Hezbollah Gave Israel a Text-Book Lesson in Retaliation Without Escalation
Israeli leaders are bent on imprinting in our minds that Israel seeks peace while our enemies’ fanaticism keeps forcing us into war. But perhaps Israel has been a willing agent in inflaming conflicts with its enemies Hezbollah and Hamas. How? By escalating the level of violence when retaliating against their attacks, rather than pursuing a strategy that’s more disposed to managing the conflict.
Israel could learn a thing or two from Hezbollah on this front. Two weeks of silence since the latest round of fighting have proven that Hezbollah’s strike on Har Dov was a textbook example of retaliation without escalation. That is, it demonstrated how two enemies can end a round of conflict without negotiation, mediation or a cease-fire agreement.
In the latest round of fighting between Israel and Hezbollah, the militant group followed to a fault the proscription of scholar Robert Axelrod on how to employ a “tit for tat” strategy to induce cooperation without the need for negotiation or written agreements. Axelrod’s theory suggests striking back without escalating while communicating that one will cooperate if their opponent cooperates and respond in kind if their opponent cheats.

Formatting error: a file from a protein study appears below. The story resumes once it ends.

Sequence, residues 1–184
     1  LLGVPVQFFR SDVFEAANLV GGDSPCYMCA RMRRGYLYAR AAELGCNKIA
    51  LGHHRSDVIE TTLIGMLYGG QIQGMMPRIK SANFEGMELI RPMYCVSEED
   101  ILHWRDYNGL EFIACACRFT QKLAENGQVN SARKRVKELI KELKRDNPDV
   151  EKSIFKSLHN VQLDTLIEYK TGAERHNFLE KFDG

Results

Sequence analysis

Hezbollah had avoided incursions into sovereign Israeli territory for a year prior to the strike attributed to Israel on a convoy in Syria that killed Jihad Mughniyeh and others. Hezbollah responded in measured kind with the Har Dov attack. After that incident, it immediately communicated to Israel that it considered the matter of the Mughniyeh killing over. Finally, Hezbollah leader Sheikh Hassan Nasrallah announced that the group would retaliate should Israel continue to attack its positions.